They're fast, precise, and they've managed to get away with hundreds of thousands of dollars in stolen cell phones.
As Saevn Kesto put it, manager of the Sprint store in St. Johns that was robbed this past January -- they know what they're doing.
It's far from an isolated incident.
Kesto discovered the theft had happened in early January after coming into work one morning.
"They just took like a crowbar, every phone was gone," he said.
The thieves made off with roughly 50 to 60 phones, worth about $35,000 in total, according to Kesto who believes his store is part of a much bigger string of thefts that's hit at least 40 stores in Michigan in the past year and a half.
"It seems like every store they're getting into they know where the phones are and they know how much time they have," he said.
"There's so much to it and they know what they're doing, it's not a couple guys just doing this, it's a group of intelligent felons."
In a similar instance this past October, thieves robbed at least two cell phone stores in just a matter of hours in Howell.
Detective Mark Klein of the Livingston County Sheriff's office says the investigation is still ongoing, but this kind of theft has become a 'rampant problem.'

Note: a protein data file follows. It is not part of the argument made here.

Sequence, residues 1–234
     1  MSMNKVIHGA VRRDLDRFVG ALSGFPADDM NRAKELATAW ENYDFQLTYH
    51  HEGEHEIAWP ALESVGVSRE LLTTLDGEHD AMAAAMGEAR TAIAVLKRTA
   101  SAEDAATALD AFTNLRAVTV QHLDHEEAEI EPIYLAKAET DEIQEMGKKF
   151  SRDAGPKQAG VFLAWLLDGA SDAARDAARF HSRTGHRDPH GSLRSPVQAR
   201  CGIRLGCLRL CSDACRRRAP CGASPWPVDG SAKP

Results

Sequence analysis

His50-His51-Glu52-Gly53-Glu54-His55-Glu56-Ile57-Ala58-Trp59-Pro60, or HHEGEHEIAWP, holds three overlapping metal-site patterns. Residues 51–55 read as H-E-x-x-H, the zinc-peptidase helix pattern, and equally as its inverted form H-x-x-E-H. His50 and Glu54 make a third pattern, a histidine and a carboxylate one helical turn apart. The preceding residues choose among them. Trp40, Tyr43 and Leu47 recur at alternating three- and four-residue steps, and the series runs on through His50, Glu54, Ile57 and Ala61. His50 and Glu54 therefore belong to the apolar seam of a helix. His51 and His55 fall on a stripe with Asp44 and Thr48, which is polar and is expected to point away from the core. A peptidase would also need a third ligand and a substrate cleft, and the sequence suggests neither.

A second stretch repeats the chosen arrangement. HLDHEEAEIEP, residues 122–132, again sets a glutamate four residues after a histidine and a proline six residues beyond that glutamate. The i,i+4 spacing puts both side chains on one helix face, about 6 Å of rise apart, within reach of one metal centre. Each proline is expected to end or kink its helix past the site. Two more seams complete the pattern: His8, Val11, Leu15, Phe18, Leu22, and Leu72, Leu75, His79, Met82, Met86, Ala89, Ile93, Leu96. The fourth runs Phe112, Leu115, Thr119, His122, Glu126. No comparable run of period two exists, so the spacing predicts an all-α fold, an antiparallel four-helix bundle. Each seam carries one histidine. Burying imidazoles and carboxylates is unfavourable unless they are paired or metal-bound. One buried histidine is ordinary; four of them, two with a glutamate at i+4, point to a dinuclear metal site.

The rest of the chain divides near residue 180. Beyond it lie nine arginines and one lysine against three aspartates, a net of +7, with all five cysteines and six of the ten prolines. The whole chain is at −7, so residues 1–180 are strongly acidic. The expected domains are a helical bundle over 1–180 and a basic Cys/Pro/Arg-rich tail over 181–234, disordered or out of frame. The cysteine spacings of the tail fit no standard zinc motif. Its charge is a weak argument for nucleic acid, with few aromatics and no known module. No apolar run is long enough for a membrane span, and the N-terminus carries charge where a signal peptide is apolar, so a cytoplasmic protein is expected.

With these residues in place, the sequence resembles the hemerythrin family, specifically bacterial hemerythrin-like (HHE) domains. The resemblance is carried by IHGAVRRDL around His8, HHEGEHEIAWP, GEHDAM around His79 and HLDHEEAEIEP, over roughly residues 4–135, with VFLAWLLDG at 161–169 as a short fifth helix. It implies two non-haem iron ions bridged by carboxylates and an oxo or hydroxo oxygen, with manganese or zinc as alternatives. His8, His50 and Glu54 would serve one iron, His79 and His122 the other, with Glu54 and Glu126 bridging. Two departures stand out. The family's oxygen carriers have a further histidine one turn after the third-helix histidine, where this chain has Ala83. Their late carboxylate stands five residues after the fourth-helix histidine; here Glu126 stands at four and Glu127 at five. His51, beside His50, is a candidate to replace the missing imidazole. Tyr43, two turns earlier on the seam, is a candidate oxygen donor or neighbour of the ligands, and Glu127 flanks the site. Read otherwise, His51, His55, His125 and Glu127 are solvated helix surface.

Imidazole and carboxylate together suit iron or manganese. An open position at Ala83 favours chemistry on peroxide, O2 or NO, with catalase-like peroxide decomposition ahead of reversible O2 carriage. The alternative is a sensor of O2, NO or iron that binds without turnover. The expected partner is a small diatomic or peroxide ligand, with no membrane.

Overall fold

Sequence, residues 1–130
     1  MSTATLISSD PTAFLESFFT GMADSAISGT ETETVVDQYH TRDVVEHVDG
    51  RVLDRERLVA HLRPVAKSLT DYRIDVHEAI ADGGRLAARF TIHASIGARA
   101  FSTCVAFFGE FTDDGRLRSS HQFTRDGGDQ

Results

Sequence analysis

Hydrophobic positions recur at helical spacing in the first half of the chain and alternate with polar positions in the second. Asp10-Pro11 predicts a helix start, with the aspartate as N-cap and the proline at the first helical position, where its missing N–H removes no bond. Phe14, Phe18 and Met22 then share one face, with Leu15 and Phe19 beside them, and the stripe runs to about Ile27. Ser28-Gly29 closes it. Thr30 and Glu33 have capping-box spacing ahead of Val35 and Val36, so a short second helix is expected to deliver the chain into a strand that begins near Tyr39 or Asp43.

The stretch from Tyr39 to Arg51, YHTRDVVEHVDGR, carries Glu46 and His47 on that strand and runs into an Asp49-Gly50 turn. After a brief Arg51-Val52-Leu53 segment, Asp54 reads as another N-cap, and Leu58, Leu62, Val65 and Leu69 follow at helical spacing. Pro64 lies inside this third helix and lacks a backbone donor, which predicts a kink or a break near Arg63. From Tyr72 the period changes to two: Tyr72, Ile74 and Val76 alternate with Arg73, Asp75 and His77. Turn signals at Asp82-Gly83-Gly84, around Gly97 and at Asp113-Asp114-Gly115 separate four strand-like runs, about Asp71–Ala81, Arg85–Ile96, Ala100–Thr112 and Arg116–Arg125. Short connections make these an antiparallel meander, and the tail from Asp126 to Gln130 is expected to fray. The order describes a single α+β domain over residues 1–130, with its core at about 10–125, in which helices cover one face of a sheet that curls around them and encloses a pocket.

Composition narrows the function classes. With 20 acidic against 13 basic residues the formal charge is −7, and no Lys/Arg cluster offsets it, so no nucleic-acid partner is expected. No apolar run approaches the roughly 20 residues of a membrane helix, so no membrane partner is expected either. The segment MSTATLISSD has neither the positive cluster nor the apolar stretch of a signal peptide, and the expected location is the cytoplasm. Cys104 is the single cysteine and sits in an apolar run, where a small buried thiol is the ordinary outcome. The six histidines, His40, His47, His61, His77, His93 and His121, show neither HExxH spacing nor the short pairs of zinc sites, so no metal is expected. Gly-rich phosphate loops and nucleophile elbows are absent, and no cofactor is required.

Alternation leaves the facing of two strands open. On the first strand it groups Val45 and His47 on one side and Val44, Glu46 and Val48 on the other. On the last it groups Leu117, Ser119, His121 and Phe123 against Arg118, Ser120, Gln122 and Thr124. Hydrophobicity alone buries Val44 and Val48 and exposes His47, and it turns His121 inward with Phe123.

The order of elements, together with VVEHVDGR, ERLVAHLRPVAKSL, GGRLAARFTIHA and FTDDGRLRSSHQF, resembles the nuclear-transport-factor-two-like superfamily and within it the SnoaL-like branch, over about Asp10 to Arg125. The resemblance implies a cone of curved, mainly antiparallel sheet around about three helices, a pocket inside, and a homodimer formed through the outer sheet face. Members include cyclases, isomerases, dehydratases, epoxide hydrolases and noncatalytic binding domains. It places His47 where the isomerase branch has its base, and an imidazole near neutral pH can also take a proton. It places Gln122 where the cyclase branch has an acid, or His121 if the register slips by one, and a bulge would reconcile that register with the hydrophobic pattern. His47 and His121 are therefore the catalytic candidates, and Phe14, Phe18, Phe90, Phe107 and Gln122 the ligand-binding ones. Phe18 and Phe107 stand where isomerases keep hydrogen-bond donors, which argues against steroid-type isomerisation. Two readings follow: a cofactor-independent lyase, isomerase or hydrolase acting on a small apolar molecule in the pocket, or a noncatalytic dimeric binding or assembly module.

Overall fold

In December, a federal jury found two Detroit men guilty of robbing several cell phone stores across the state over a span of nearly two years.
Investigators aren't sure if they were involved in any of the local break-ins in Mid-Michigan.
While these thefts are no doubt costing the stores they're being taken from, Kesto says the thefts could also very well cost customers down the line.
"Where it really hurts them is if they're the ones who actually end up buying these phones," he said.
Kesto said a lot of the time the stolen phones either end up on the black market being sold overseas, or wind up on E-Bay or Craigslist for cheap, which should send up an instant red flag to potential buyers.
"If it sounds to good to be true, it's probably to good to be true," Kesto said.
Not only that, employing extra security measures at stores to further aim to prevent future thefts can be a costly endeavor, which are costs that would inevitably be passed onto the customer.
"At the end of the day if we're going to spend that much on security, the ultimatum is prices are going to go up in the store and that's going to affect everybody," Kesto said.